The report shows how the schools regularly contribute more to the pension plan than the minimum recommended by the actuary, and Ferrucci explained this is a standard practice to responsibly fund a pension plan – otherwise you risk never decreasing the growing liability or, worse, going backwards in a bad year. Between 2016 and 2018, the schools put about $1.5 million more into the pension plan than the actuary recommended, but that only increased the funding ratio by about 5 percent, from 87.92 percent to 92.95 percent.
The concern from taking money from the pension plan now to cover a budget deficit is, in part, that it builds a structural deficit, Ferrucci said. This money cannot be relied on next year, and another budget deficit is more than likely at this point, based on the ask of $8.5 million from the city in the school’s new budget.
Further, Ferrucci said that the use of pension funds could have an adverse affect on the actuarial arc for contributing to the fund – and put the schools significantly behind in their projections to be able to adequately fund the plan going forward.
Solomon denied any assumed wrongdoing on the part of the school department, and brushed off the possibility that they were “hiding” possible sources of funds to close their budget gap.
“Since I’ve taken office, I’ve always tried to maintain a positive outlook,” he said. “It wouldn’t benefit anyone to be disingenuous or hide things intentionally. Sometimes you get overwhelmed with the facts before you or the duties before you. I’d like to remain positive. I wouldn’t like to make any allegation of that sort.”
Representatives for the WISE Union and Council 94 American Federation of State, County, and Municipal Employees, AFL-CIO issued a strong rebuke of the decision on Wednesday afternoon.
“I am deeply concerned about the city of Warwick’s intention to divert $4 million dollars from the Warwick School Committee Employee Pension Plan,” said WISE Union president Mary Townsend. “As a Pension Plan Board member, I have not been presented with a plan or an actuarial study to determine the impact on our retirement system. My members and I have worked hard to ensure that our retirement plan has stayed healthy.”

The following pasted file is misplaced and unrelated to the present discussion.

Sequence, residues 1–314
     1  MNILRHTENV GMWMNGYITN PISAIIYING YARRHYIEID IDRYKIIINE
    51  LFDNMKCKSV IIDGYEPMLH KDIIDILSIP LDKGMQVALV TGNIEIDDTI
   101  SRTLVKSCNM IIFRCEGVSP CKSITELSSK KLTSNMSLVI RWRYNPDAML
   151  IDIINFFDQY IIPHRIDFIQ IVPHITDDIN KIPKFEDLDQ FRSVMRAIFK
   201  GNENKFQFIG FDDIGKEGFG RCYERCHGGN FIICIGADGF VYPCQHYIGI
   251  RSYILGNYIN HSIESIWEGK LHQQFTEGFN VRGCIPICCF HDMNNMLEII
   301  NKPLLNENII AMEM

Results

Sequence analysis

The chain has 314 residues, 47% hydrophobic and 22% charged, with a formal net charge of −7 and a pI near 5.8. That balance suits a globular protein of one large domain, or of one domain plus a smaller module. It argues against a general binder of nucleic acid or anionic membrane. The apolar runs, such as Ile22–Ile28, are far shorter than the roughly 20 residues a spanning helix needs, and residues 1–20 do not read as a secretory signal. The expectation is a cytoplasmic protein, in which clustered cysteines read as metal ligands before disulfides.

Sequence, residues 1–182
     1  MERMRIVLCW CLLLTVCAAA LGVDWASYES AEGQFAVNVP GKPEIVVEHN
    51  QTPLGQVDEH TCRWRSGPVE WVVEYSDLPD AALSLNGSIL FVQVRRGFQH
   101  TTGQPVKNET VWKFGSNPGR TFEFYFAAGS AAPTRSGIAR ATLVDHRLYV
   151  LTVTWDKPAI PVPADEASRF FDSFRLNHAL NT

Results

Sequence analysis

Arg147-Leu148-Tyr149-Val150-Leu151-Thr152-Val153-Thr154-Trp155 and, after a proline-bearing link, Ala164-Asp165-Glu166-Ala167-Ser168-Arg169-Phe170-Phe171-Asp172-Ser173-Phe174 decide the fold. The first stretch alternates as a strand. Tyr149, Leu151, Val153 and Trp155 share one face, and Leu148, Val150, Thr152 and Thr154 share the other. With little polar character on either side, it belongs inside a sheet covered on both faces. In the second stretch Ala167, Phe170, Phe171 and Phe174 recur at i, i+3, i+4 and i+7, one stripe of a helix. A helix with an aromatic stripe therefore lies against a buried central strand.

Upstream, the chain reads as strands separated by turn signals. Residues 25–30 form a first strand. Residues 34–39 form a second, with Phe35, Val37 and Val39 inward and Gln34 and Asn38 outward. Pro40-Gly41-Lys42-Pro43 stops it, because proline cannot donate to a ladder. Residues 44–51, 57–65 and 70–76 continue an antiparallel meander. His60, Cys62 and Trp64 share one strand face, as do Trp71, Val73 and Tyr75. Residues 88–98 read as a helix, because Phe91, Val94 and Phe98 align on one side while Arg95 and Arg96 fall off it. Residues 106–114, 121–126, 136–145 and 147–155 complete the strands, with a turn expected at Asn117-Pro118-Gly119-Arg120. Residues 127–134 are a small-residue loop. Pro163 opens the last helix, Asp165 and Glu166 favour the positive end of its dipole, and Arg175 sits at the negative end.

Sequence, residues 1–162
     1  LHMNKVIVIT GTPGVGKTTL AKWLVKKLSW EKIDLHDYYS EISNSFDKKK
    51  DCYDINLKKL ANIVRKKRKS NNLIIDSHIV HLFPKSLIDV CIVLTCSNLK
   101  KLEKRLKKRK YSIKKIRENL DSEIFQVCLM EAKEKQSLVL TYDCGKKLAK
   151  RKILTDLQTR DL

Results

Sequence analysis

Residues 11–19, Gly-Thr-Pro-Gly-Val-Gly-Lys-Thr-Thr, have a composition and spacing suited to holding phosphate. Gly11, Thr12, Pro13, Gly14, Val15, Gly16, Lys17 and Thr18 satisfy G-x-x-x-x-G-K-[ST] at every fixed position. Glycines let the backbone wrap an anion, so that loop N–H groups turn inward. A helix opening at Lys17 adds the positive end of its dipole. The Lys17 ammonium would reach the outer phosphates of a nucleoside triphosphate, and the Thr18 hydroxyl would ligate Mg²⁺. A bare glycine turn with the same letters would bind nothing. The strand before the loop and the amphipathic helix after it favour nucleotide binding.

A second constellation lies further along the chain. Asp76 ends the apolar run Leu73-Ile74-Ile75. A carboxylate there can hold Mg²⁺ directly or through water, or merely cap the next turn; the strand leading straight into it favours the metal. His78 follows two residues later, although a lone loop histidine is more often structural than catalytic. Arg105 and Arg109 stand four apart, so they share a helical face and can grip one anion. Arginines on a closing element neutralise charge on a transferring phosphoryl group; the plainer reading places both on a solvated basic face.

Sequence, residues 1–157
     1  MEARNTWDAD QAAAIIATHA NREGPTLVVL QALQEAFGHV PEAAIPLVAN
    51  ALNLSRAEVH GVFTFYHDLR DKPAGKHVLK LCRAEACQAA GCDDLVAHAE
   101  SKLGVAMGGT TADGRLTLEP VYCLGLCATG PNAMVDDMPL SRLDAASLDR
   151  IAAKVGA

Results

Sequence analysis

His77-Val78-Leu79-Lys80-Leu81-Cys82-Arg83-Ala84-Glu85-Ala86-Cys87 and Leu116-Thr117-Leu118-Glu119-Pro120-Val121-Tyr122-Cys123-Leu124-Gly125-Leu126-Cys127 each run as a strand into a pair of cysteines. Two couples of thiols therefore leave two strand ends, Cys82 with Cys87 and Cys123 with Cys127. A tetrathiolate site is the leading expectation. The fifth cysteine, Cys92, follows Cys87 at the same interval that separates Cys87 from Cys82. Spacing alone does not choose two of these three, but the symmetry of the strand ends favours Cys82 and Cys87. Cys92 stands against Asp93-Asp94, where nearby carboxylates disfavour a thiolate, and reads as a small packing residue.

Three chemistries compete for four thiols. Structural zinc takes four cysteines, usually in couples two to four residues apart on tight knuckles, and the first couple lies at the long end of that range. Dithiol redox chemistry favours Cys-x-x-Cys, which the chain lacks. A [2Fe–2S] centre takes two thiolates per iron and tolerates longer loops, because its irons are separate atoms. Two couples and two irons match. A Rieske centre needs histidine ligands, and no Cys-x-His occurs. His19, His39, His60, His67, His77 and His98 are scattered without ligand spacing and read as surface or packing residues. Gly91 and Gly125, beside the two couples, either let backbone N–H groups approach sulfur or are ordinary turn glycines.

John Burns, Senior Staff Representative for the WISE Union, mentioned the Treasurer’s report and how the pension plan received strong marks for its financial health. He said this decision will jeopardize that health.
“Now it appears we are repeating the same type of behavior that has led other public employee plans into dangerous fiscal waters,” Burns said in the release.
Council 94 President J. Michael Downey took particular issue with Solomon’s chipper demeanor regarding the decision.
“I object to Warwick’s Mayor calling a decision to take money out of a pension fund the best birthday gift he has ever received,” Downey said. “While the plan may be well funded currently, removing funds already deposited to a pension plan raises a host of legal and ethical issues. A pension plan is not a piggy bank. We urge Mayor Solomon to reconsider. Council 94 will now examine and pursue all options available to prevent an ill-advised raid of the Warwick School Committee Employee Pension Plan.”
(With reports from John Howell)